El Nino effect: Warm Ocean Surface along the Coast

The occasional development of surface waters of the ocean along the coastal regions is called as El Nino effect. This El Nino name was first given to the occasional development of warm water surface on the coastal surface of Peru and Ecuador.

El Nino effects reduce nutrient-rich deep ocean water and the usual decrease of upwelling of cold water is noted. These effects normally observed around December and may last up to a few weeks to months. In extreme cases, El Nino effects have lasted for years. El Nino effects which were developed in 1991 stayed till 1995.

Normal Weather Conditions (without El-Nino effect)

Normally, low surface pressure is developed in the coastal region of Indonesia and waters near Australia, and high pressure over the coastal region of Peru. This results in the movement of trade winds over the Pacific Ocean (Direction: East to West).

These easterly trade winds used to carry warm water of surface to the west direction which results in thunderstorms in Indonesia and Coastal region near to Australia, and New Zealand. In the coastal region of Peru, cold water is being replaced by warm water which is further pulled to the west.

PIcture illustrating El Nino Effect
Picture illustrating El Nino Effect

When El Nino Effects occurs

El Nino affects changes in the course of normal weather patterns. Air pressure drops over the central pacific drops and along the coastal region of South America. The normal low-pressure system in Western Pacific is being replaced weak high system. This results in a change of pattern trade winds to be reduced.

This resulted in a reduction in trade winds allows the current along doldrums to accumulate warm water of ocean along the coastal lines of Ecuador and Peru. Accumulation of warm water results in thermocline to decrease in the eastern region of the Pacific Ocean. The thermocline is a temperature gradient in the water body (lake, ocean, river, etc.) in which the layer is separated at different temperatures. This stops the upwelling of cold water of the Deep Ocean in the coastal region of Peru.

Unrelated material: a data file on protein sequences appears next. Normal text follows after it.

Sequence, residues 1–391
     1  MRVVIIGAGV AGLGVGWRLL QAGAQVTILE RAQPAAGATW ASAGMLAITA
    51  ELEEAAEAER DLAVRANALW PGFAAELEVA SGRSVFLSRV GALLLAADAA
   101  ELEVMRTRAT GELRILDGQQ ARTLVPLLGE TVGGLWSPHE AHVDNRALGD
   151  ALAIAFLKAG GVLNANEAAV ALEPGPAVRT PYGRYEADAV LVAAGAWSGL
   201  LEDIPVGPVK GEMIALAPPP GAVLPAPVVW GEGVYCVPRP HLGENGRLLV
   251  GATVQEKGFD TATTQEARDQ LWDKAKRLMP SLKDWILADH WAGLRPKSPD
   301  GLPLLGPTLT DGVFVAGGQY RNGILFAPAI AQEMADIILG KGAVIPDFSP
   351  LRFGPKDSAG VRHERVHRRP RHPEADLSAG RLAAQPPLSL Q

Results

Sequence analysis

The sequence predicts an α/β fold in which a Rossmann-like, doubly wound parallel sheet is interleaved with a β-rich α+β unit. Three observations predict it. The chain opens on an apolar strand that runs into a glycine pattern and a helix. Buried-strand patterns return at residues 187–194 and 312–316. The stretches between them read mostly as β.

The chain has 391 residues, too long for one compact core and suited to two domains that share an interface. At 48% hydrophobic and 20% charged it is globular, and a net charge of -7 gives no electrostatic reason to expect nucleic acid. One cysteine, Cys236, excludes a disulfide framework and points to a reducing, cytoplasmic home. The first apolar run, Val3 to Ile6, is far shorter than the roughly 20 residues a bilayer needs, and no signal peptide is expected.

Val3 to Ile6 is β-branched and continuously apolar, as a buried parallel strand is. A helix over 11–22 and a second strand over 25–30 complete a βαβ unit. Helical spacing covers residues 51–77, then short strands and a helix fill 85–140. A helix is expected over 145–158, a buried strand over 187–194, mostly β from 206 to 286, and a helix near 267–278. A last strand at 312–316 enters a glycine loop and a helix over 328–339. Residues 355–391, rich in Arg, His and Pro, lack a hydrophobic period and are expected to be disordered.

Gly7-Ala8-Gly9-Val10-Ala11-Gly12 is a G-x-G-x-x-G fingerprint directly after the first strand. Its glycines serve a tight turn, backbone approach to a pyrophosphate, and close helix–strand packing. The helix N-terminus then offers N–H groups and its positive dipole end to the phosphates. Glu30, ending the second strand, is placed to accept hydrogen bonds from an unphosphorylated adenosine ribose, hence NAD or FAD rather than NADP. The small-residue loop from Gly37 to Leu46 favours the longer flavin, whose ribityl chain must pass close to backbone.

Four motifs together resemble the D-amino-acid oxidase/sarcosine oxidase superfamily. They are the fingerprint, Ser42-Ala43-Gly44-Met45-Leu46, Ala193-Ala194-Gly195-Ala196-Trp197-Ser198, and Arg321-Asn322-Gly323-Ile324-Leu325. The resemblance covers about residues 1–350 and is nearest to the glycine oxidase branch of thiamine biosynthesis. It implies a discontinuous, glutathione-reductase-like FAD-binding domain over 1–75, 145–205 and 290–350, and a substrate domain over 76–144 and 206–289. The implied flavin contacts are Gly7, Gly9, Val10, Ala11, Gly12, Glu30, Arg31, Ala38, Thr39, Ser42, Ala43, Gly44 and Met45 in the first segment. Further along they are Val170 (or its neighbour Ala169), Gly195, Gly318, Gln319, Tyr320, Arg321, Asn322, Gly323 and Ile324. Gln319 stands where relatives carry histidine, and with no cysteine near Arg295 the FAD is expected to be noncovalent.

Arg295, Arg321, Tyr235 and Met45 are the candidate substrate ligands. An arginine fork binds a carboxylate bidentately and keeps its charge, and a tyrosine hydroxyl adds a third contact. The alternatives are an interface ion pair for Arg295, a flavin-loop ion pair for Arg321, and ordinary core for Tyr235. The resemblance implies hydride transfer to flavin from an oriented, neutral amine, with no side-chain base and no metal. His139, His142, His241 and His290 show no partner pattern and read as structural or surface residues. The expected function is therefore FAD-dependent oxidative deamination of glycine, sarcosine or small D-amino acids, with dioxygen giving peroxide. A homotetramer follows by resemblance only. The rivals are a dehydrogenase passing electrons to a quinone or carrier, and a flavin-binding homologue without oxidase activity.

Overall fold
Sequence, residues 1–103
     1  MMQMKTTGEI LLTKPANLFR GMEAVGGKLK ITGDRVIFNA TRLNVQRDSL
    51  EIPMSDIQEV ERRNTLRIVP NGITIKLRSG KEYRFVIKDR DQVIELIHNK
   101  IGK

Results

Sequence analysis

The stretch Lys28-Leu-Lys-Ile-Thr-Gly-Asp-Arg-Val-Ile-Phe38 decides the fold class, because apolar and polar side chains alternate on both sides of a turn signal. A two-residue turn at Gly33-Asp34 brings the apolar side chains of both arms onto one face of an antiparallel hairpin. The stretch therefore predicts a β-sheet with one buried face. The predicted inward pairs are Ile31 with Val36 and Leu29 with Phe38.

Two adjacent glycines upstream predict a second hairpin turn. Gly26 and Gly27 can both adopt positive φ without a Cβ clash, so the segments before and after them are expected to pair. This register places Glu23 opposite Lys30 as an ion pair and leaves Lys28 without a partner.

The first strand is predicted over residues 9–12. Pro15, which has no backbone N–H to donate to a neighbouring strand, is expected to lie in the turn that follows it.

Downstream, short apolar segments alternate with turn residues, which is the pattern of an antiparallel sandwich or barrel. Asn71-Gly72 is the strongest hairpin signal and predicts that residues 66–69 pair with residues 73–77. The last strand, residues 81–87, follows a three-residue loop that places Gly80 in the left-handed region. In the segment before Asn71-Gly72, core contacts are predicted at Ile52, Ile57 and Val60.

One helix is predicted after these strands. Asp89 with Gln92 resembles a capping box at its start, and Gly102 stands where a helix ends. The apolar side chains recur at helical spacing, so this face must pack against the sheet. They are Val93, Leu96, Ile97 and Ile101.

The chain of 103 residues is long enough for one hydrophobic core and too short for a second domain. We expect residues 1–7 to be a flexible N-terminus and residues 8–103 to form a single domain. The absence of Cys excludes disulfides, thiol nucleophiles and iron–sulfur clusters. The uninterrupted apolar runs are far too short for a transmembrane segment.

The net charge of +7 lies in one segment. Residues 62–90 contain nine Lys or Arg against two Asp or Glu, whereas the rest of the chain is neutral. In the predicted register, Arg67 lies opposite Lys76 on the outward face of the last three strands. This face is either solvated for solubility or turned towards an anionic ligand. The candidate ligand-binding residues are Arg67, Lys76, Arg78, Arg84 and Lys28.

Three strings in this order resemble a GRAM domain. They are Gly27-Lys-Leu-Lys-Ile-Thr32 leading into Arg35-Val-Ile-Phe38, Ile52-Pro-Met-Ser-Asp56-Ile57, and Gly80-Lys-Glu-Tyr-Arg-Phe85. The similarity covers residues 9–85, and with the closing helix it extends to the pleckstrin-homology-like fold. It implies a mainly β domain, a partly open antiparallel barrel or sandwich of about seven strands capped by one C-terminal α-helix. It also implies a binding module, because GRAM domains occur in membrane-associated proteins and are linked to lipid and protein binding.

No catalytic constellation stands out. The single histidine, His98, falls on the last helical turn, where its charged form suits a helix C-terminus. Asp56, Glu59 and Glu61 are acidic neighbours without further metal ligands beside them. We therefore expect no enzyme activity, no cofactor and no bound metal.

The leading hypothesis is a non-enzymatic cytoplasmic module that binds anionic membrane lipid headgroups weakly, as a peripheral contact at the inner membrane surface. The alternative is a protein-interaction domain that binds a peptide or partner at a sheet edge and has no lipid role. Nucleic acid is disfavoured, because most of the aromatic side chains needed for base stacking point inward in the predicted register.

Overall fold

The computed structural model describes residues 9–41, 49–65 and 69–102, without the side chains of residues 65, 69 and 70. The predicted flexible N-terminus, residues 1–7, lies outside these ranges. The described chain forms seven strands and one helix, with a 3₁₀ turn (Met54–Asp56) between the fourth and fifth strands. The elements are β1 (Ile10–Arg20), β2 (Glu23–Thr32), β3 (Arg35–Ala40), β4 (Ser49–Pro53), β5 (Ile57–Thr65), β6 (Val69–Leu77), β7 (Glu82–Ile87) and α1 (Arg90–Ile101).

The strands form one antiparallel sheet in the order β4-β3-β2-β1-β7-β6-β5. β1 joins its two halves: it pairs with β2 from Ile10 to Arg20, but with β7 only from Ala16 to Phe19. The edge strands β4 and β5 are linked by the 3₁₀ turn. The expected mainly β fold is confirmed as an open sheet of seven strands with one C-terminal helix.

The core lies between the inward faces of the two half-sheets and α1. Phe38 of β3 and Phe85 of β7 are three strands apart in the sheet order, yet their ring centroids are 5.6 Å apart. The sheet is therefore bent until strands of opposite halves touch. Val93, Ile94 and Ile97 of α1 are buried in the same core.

El Nino Effects
El Nino Effect

This development leads to drought in western Pacific regions and precipitation in the Equatorial coast of South America. Also, storms and hurricanes developed in the Central Pacific region. This pattern of atmospheric circulation causes the formation of the El Nino effect.

Effects of El Nino effect

  • Heavy precipitation in the North American regions like California, Ecuador, Mexico’s Gulf.
  • Reduction in fishing along the coastal region of South America because of no upwelling of water.
  • The devastating effect on marine life due to the warmer water of the Ocean.
  • Lesser precipitation in the Indian subcontinent, Southern Africa, Indonesia, and Australia.

Impact of El Nino on Monsoon rainfall of India

Indian Monsoon rainfall and El Nino are inversely related to each other. That means, if one gets stronger, then others will be weaker. El Nino effects have brought the most prominent droughts in India. Since 1871, six such droughts were affected the Indian subcontinent badly. The latest Drought due to El-Nino was from 2002 to 2009.

It was not always that this effect brings drought in India. One of the strongest El-Nino years was 1997 but it doesn’t affect the Indian subcontinent but a moderate el-Niño effect affected India very badly in 2002. The agriculture system of India used to face the worst impact of the El-Nino effect as lesser precipitation results in lower production of summer crops like sugarcane, cotton, oilseeds, rice, etc.

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